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This occasion marks the one hundredth birthday of the Department of Electrical and Computer Engineering. Thank you for joining us in this Centennial Celebration. It has been an exciting 100 years, and every indication is that the next 100 (or even 10!) will be just as interesting.

The Department of Electrical Engineering was born from the Department of Physics and Electrotechnics in 1893. This new E. E. Department had one faculty member, John Price Jackson (age 24), who was also the Head of the Department. The first graduating class consisted of two students. We now have about 50 faculty members and graduating classes of several hundred. The Department has generated more than 10,000 alumni, many of whom have had distinguished careers and are here tonight.

Over this 100 years, many milestone events have occurred. The Department has grown steadily in size. To accommodate this growth, two buildings were constructed: E. E. West in 1939 and E. E. East in 1963. (We are now looking forward to completion of the renovation of E. E. West. Drop by and see it if you get the chance.)

Research activities received a strong impetus following the second world war with the formation of the lonospheric Research Laboratory (IRL, now the Communications and Space Sciences Laboratory, CSSL), under the direction of Dr. Arthur Waynick. Dr. Waynick replaced Dr. Eric Walker as head of the department in 1951, when Dr. Walker became dean of engineering (and subsequently, president of the University.) We are honored that Dr. Walker is able to join us tonight, and to be our guest speaker.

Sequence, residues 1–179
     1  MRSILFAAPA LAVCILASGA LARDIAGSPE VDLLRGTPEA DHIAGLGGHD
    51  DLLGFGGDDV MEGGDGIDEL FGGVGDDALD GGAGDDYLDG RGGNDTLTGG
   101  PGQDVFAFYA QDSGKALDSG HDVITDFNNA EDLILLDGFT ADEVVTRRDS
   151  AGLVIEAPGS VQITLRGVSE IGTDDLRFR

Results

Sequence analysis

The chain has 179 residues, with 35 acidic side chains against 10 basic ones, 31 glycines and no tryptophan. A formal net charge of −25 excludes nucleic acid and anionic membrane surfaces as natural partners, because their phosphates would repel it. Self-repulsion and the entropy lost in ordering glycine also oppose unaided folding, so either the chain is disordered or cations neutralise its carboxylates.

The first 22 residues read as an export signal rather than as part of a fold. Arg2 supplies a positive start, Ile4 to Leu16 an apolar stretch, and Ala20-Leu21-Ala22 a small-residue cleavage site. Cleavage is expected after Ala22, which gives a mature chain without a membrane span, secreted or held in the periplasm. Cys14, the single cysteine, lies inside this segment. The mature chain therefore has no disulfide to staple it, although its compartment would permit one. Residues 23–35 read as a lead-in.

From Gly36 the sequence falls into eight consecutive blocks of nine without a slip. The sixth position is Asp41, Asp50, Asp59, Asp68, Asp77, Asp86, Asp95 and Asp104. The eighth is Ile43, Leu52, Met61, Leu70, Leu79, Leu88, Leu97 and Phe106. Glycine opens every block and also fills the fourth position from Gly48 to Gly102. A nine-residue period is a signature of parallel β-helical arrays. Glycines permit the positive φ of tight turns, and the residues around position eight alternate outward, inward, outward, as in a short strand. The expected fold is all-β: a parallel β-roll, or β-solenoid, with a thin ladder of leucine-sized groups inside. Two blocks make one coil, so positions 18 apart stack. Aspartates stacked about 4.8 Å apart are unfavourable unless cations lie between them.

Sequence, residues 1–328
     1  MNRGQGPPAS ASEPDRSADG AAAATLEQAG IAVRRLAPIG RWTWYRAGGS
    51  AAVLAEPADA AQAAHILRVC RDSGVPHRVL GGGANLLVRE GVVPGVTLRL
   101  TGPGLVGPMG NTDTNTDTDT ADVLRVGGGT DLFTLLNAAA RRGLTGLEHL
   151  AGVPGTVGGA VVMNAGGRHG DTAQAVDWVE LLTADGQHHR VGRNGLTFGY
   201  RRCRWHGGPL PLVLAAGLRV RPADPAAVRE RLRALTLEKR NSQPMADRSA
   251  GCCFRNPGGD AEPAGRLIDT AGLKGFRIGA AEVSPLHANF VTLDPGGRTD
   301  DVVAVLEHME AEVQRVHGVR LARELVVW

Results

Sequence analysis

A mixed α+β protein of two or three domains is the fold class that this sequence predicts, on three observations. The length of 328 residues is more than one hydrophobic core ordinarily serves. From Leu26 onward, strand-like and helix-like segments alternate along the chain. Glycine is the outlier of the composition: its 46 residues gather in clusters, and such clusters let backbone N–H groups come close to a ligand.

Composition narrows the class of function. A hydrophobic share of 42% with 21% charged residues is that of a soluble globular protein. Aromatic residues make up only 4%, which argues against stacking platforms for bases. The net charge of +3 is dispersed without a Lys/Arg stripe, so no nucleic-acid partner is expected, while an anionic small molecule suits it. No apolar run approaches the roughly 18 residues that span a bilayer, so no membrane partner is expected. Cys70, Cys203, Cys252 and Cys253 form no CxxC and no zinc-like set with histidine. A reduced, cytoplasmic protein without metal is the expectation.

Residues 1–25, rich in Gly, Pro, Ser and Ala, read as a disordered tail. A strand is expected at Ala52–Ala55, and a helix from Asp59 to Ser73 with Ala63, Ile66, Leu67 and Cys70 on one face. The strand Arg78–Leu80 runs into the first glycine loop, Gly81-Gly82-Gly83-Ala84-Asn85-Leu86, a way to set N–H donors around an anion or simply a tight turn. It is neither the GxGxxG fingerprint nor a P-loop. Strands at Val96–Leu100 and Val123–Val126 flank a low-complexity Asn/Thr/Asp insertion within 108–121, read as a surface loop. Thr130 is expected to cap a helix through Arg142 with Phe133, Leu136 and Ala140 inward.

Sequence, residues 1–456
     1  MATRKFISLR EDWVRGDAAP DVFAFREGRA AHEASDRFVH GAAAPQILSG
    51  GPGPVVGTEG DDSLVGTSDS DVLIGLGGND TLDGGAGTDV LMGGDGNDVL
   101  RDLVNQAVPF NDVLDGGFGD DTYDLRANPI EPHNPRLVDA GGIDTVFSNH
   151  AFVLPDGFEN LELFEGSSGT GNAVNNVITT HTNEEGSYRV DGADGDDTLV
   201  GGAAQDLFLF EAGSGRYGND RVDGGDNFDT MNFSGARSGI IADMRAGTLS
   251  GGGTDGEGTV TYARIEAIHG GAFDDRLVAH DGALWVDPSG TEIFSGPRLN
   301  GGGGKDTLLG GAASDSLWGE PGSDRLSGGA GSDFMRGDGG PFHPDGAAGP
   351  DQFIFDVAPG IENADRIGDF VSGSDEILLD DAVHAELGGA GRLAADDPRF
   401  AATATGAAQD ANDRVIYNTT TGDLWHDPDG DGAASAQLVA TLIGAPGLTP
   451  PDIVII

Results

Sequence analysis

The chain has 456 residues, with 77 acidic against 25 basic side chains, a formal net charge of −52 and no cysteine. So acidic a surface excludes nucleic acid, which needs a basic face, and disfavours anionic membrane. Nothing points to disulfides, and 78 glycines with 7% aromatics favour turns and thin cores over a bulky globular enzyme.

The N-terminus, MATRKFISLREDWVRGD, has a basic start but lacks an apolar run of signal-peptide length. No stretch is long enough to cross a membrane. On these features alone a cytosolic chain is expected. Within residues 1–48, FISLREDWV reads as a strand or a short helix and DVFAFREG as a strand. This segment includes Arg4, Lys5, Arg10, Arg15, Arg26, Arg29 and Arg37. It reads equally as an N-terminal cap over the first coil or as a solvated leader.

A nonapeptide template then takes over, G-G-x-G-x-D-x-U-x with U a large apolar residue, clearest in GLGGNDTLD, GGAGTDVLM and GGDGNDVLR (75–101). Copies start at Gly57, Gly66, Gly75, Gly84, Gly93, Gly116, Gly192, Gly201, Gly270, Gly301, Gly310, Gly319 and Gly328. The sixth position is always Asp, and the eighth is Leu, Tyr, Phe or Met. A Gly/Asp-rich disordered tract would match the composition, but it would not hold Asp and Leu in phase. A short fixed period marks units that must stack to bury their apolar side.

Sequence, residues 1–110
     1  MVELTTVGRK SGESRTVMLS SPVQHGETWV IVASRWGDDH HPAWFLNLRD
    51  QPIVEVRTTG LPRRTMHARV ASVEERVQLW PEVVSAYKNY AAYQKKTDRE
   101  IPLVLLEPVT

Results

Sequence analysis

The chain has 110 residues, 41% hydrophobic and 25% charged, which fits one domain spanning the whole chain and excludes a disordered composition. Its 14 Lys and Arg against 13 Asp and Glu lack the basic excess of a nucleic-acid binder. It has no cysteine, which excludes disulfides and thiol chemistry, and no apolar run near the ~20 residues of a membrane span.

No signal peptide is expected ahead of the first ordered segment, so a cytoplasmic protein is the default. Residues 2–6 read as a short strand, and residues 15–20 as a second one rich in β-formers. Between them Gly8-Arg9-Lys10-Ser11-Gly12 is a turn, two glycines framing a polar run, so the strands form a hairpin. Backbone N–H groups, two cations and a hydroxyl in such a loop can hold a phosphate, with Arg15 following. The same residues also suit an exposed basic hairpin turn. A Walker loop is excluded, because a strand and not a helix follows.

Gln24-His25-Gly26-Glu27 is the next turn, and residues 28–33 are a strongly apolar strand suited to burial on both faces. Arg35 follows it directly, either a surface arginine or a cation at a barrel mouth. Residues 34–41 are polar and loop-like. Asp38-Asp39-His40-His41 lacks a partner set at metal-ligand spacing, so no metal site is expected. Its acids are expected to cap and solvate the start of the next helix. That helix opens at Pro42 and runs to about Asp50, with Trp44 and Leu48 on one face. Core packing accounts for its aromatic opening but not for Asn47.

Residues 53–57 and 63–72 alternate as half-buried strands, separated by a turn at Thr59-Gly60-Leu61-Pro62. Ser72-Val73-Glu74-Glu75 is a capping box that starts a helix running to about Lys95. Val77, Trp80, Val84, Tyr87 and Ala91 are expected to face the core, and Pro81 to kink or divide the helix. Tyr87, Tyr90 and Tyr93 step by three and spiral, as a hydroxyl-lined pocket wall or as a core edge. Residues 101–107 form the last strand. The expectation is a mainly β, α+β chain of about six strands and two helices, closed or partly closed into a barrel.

This document contains several short stories related to the history of the Department, which we thought you might find interesting. The first is about Dr. Walker, our Head from 1947 to 1951. This is followed by a review of departmental history, and subsequently by short pieces related to the Penn State trolleys (which were under E. E. jurisdiction), PENNSTAC (one of the first academic computers in the Country) and one on IRL-CSSL.

So thank you for joining us tonight to celebrate our Centennial. More importantly, I also thank you - our faculty, students and alumni, and university and college administrators (and spouses!) -for having helped the Department to achieve what it has and to be where it is after these 100 years. It is your contributions that we celebrate. And since we are now in some very challenging times, we will continue to need your support. You have made our past, and you are our future. Because of your ties to the Department, and your loyalty to Penn State, I think the future looks very bright indeed.

Dr. Larry C. Burton
Professor and Head of the Department
of Electrical and Computer Engineering